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"RV cam" with '70 timing set in an '86 carb 460

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Old 03-30-2005, 07:42 PM
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"RV cam" with '70 timing set in an '86 carb 460

Is this a feasible setup?
On an '86 carburetted 460 in an F-250, install an "rv cam" and an early (stright up 1970) timing set, and drop the motor into my '66 F-100.
I have a '77 460 with D3VE-A2A heads, but it has a badly spun bearing.
Thanks for any input.
 
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Old 03-30-2005, 08:41 PM
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Sure it's feasable, it's what I run in my '86. DTD says that it makes around 360 HP and 500 lb/ft of torque. Most of the time in the dry, I have trouble keeping the rear wheels from spinning(lead foot), but we got a real good rain storm today, and driving like an egg was under the pedal, I couldn't keep from spinning the tires across intersections and going up hills. Without a kickdown, and staying in high gear, I timed a 40-75 top gear runn, and got a hair over 7 seconds. It has plenty of go, but even with 3.55's, it drinks gas like it's going out of style. I think it's because of the carb, more or less, so, next week, on goes the 600 Edelbrock. Good luck.
 
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Old 03-30-2005, 08:49 PM
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ThereGoes... you might consider EFI if the fuel drinking is irritating. While its a lot more work to tune and adjust to your hardware, the mileage is nicer and the consistant starts rain, snow, sleet, hot, cold, dry whatever, is a good thing.

But then again, my concept of tuning a carb is to beat it with the biggest pipe wrench I can find. I've never had good luck with carbs. Except for the Predator. I like how it just bolts on and tunes itself. That's more my speed
 
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Old 03-30-2005, 09:47 PM
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Frederic,
FI is way outta the budget($6.50/hr, $97.00/mo for insurance, and $100/mo cell phone bill = no money for fun) and the Edelbrock is actually the easiest carb I've ever worked with. Sure, it's nice, but with a good choke(or even a not so good one, as on my current Holley POS emissions carb) it fires right up. And, when my dad switched from a very well tuned Holley 500 2V to the Edelbrock 600 4V, he picked up an honest 2 MPG, which, in town, would put me at 13-14, and on the highway, 16-17, maybe more if I baby it.
 
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Old 03-31-2005, 06:27 AM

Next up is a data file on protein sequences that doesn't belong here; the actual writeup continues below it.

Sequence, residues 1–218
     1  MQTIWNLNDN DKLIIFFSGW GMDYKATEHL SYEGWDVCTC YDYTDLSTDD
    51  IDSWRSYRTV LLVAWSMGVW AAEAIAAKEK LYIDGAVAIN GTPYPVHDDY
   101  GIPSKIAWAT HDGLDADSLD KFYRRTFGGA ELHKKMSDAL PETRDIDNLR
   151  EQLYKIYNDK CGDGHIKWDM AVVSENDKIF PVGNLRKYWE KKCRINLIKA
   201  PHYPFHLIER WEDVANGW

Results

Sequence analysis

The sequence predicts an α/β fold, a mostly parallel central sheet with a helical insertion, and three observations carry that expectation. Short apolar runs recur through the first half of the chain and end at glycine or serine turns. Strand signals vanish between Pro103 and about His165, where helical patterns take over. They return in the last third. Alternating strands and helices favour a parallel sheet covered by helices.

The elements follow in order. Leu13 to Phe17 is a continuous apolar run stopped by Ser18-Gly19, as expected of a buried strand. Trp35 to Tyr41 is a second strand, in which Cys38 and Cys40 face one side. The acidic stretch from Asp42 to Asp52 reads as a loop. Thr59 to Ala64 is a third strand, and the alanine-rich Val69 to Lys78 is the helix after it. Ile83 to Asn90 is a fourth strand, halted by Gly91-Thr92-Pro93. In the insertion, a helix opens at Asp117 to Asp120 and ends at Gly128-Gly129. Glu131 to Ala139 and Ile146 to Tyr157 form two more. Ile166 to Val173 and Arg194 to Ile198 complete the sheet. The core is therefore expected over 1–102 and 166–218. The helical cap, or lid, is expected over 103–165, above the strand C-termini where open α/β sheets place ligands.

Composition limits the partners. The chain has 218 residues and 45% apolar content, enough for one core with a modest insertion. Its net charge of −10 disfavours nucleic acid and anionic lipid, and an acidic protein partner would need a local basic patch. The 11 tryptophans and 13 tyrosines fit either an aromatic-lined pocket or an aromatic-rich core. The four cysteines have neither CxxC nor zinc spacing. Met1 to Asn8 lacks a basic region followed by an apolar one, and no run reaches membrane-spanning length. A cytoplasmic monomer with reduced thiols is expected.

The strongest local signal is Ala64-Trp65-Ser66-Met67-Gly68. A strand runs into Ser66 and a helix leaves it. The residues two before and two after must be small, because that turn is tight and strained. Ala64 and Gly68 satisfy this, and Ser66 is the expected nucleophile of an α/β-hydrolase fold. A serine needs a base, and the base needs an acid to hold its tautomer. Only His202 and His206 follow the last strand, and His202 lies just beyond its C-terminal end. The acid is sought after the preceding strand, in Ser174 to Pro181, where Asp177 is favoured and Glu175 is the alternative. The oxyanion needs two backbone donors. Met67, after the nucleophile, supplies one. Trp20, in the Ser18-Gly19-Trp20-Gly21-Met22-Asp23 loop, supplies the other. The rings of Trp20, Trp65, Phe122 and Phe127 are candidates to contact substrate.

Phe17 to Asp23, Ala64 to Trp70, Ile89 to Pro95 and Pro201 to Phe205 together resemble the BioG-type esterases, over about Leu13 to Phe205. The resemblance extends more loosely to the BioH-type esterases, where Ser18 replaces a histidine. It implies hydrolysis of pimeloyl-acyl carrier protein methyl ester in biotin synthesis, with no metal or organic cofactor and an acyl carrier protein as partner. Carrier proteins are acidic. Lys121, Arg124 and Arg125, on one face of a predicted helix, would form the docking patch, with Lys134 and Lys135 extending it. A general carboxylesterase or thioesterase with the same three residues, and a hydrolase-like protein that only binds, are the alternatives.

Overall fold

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Well, converting to EFI is expensive if you buy all the parts new, and pay someone to install it for you.

I'm a cheap, er, frugal kinda guy so the EFI for my 500cid twin-turbo stroker cost me zero. I simply bought a junkyard running engine, tore off the heads and the EFI bits, power washed the block and heads, and sold them individually on e-bay. My net cost for the EFI bits was -$117 according to my notebook.

Not trying to sell you... merely suggesting a little resourcefulness might be in order if this is actually a consideration for you. As you save funds over time, you can actually buy tuning tools for EFI and do some fun stuff too.

My 1975 D200 Dodge pickup went from 7mpg (yes, SEVEN) to 17ish mpg on the highway, if I was very gentle with the throttle, after converting to EFI. I had to be gentle with the throttle because I swapped out the 318cid for a 451 twin-turbo stroker. So if I was gentle, I got nice mileage before the turbos went "happy". Of course I could get 1 mpg full throttle in any gear... just had to snap the pedal to the floor and hold on.

But again, I'm very biased, and i'll freely admit such. As I said, I've NEVER owned a vehicle where I got the carb right... used, new, holley, edelbrock, etc. I tried them all, and was miserable. Except for the predator, that carb I could tune. You just bolt it on and not think about it again ;-)

Anyway, I've diverted this thread... my apologies.
 
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Old 03-31-2005, 07:43 AM
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Gentlemen, I appreciate all of y'all's comments.
Thanks so much for the help!
 
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